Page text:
Sober Bitch

Posted: November 7, 2013 in Uncategorized

As I counted my sober days, realizing that I did not have any of the scary withdrawal symptoms that I had been fearing, I became increasingly agitated.  What was I mad about?  EVERYTHING. My husband scratched his head and the noise made my skin crawl.  I would snap at him and not be able to explain why.  My coworkers would tell a story that I didn’t find funny, and I would begin to feel an evil sarcasm rising in my throat.  I started eating lunch alone or away from others just because everything that everyone did made me want to scream at them. 

I was being a huge bitch and I knew it, but I couldn’t help it.  So I took a drink.  I stopped counting the days and I all but stopped reaching out and posting here.  Ironically, though, after drinking, I realized something.  That little sober bitch was nothing compared to the angry person I was as a drunk.  And as it turns out, increased agitation is just part of the process that I have to go through to become sober and happy.  So maybe relapsing was a mistake, but I learned something from it, and I haven’t lost everything that I have gained up to this point. 

After talking to others, I learned that the things I was feeling and projecting at others actually are withdrawal symptoms.  They just weren’t the ones I was scared of.  They weren’t the ones I was prepared to handle.  Lesson learned.  Today I woke up and said to myself, “Welcome back, sober bitch.”

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Comments
  1. I think sometimes it takes experimentation and experience to understand the dynamics of our own processes. I love that you own it all- intended and unintended! Perseverance is what ultimately gets us the places we want to go- like SoberLand. Hail to a fellow traveler!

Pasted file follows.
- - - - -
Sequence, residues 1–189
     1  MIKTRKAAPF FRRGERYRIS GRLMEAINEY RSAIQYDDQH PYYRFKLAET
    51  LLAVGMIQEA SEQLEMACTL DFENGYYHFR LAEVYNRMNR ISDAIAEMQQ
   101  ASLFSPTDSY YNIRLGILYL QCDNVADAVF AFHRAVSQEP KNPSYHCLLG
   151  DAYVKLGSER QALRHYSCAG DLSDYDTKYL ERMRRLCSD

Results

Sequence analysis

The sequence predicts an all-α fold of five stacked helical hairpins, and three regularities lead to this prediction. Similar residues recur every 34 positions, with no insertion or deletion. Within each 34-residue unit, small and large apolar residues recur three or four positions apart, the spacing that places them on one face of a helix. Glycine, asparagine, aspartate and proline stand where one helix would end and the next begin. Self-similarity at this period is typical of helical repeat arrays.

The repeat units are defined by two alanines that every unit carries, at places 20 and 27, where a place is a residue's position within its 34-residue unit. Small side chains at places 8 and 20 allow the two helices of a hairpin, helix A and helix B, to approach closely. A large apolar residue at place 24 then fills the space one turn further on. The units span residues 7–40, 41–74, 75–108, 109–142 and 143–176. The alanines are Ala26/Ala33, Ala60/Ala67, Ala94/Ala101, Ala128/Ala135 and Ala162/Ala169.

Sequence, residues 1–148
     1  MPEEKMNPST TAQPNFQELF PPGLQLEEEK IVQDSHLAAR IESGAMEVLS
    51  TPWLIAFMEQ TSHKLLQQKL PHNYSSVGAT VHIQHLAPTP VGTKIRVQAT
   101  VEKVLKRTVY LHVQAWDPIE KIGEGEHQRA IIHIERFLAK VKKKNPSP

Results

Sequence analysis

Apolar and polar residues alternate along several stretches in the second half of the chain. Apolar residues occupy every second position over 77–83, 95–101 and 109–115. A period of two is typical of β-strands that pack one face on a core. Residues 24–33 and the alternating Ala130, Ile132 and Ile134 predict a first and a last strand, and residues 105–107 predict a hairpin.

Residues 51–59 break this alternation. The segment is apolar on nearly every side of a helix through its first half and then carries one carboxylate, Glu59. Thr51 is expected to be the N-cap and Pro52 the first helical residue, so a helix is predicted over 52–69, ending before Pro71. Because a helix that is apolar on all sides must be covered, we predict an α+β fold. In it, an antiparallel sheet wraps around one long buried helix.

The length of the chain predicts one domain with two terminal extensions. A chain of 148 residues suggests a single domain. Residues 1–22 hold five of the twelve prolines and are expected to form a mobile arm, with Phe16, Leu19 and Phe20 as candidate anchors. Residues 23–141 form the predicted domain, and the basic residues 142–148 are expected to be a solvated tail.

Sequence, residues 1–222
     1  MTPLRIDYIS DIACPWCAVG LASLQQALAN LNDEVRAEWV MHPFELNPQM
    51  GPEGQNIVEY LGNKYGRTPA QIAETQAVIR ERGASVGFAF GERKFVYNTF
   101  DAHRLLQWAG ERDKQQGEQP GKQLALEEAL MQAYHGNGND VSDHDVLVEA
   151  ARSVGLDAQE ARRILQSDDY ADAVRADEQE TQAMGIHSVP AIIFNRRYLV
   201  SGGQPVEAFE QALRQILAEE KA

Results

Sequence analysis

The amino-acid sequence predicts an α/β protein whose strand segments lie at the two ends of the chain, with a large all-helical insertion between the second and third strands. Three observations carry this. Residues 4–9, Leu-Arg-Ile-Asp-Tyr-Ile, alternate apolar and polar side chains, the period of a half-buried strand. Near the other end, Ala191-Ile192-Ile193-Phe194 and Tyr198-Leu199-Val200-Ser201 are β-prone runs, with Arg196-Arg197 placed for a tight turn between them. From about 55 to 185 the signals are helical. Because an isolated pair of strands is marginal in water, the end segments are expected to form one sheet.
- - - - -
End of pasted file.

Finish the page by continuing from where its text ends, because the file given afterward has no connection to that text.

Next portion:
2. attc2013 says:

    Hi …
    Just wanted to let you know that I have been reading your blog and I think you’re doing great.
    I started my journey to being sober three years ago … as of Sunday I will have been alcohol-free for three weeks. During the three years I have given up for three months, two weeks, one week, one day, 19 days … and on and on. I never look at relapse as a failure – only as a chance to learn and to try again.
    One of my favourite quotes is from a site called SMART Recovery (it’s an alternative to 12 step style recovery) basically it’s “Try, try, try, try, try, try, try, try, try, try, try, try, try, try, try, try, try, try, try, try, try, try, try, try, try, try, try, try, try, try, try … succeed.”
    So long as you keep coming back you are closer to the ‘succeed’. If you don’t try again maybe you never will be.
    All this time on I think I have probably clocked up about 1 year of sober time and during that time I have become comfortable with the fact that this is ‘forever’, that it’s going to be really hard sometimes and that it’s actually really easy sometimes too. There’s so much about being sober and being in recovery that I would never have learned had I not relapsed.
    Good luck on your journey – you will do it if you keep trying.
    xx

  3. Best of luck to you. We are all in your corner!

  4. Good for you. Numbing those feelings isn’t the answer. Here’s a reality check, yesterday on The Doctors they had a mirror that showed how you will age in 10 years if you drink 1 drink a day. It was scary!!!

  5. Lynda Otvos says:

    The only way to get over them is to work thru them. It’s a bitch but it’s real. We’re here for you still. And so is all that you learned-just like you said.

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